PIPPA joins call for urgent resolution of TRO vs RCOA

Posted on March 24, 2017

The Philippine Independent Power Producers Association (Pippa) has joined calls for the Supreme Court to revisit its earlier order enjoining the implementation of the retail competition and open access (RCOA).

In a statement, Pippa insisted that the RCOA is mandated by the Electric Power Industry Reform Act of 2001 (Epira), but implemented only in 2013.

It explained that RCOA is aimed at institutionalizing competition in the supply of electricity, and allow electricity end-users to choose their suppliers based on low price and other factors.

The recent TRO temporary restraining order issued by the Supreme Court has the effect of putting on hold aspects of the RCOA, specifically the timeline for lowering of thresholds,” the statement read.

Pippa is an association of 28 companies engaged in power generation. Collectively, Pippa’s members have 13,549.4 megawatts of grid-installed capacity, or 82.8 percent of the country’s total and serve millions of Filipinos in Luzon, the Visayas and Mindanao.

Unified policy

“PIPPA supports the implementation of RCOA and hopes the issues before the Supreme Court will be resolved with finality at the soonest possible time,” the power producers said.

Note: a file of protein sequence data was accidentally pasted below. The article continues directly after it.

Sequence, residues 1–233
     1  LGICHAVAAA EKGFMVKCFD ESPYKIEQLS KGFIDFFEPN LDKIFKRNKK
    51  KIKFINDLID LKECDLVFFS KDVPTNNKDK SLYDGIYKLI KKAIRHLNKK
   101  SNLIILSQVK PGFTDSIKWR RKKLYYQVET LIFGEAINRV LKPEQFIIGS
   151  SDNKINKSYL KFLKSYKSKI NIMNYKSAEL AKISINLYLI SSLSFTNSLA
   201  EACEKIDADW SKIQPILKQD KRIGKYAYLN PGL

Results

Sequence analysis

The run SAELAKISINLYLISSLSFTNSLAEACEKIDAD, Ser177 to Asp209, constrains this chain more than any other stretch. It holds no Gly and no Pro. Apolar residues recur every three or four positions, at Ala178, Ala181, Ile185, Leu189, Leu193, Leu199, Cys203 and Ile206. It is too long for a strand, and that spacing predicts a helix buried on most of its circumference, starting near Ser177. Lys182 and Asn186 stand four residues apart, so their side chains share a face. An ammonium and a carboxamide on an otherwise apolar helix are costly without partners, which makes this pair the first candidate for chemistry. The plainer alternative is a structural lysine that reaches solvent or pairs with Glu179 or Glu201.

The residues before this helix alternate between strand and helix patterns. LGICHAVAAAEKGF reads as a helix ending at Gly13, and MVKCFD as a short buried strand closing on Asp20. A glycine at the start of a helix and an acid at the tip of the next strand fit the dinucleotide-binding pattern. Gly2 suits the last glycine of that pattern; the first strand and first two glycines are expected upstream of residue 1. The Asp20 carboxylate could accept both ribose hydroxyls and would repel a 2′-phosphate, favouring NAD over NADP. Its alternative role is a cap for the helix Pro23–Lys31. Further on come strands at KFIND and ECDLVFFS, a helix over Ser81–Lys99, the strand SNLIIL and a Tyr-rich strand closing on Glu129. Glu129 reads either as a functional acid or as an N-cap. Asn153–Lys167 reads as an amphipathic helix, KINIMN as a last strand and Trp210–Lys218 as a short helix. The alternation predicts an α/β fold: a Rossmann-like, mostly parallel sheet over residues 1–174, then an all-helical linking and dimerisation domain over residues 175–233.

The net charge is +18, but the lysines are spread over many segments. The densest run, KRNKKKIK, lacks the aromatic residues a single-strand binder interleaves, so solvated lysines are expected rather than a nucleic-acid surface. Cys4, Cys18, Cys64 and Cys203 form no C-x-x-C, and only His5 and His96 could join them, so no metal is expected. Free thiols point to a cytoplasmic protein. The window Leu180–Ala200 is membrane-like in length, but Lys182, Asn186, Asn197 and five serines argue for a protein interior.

“We support the move from the DOE Department of Energy and ERC Energy Regulatory Commission for a unified policy on RCOA. We hope that this will finally settle the issues and the industry will already move forward to attain the objectives of Epira,” the group added.

The DOE, ERC and the Philippine Electricity Market Corp. (PEMC) said they will form a new policy that will make it easier to shift to an open- market scheme.

The DOE also said it will be exhausting all remedies to see the implementation of RCOA, which is covered in DOE Circular DC-2015-06-0010, Series of 2015; ERC Resolution 5, Series of 2016; ERC Resolution 10, Series of 2016; ERC Resolution 11, Series of 2016; and ERC Resolution 28, Series of 2016.


RCOA allows electricity end-users with at least 1 megawatt of peak demand to choose their suppliers. End-users can choose between 23 retail electricity suppliers (RES) designated by the ERC.

It was supposed to take effect on February 26, but the Supreme Court stopped it by issuing a temporary restraining order (TRO).

The TRO was issued based on a petition filed by the Philippine Chamber of Commerce and Industry, Riverbanks Development Corp., Ateneo de Manila University and San Beda College, Alabang.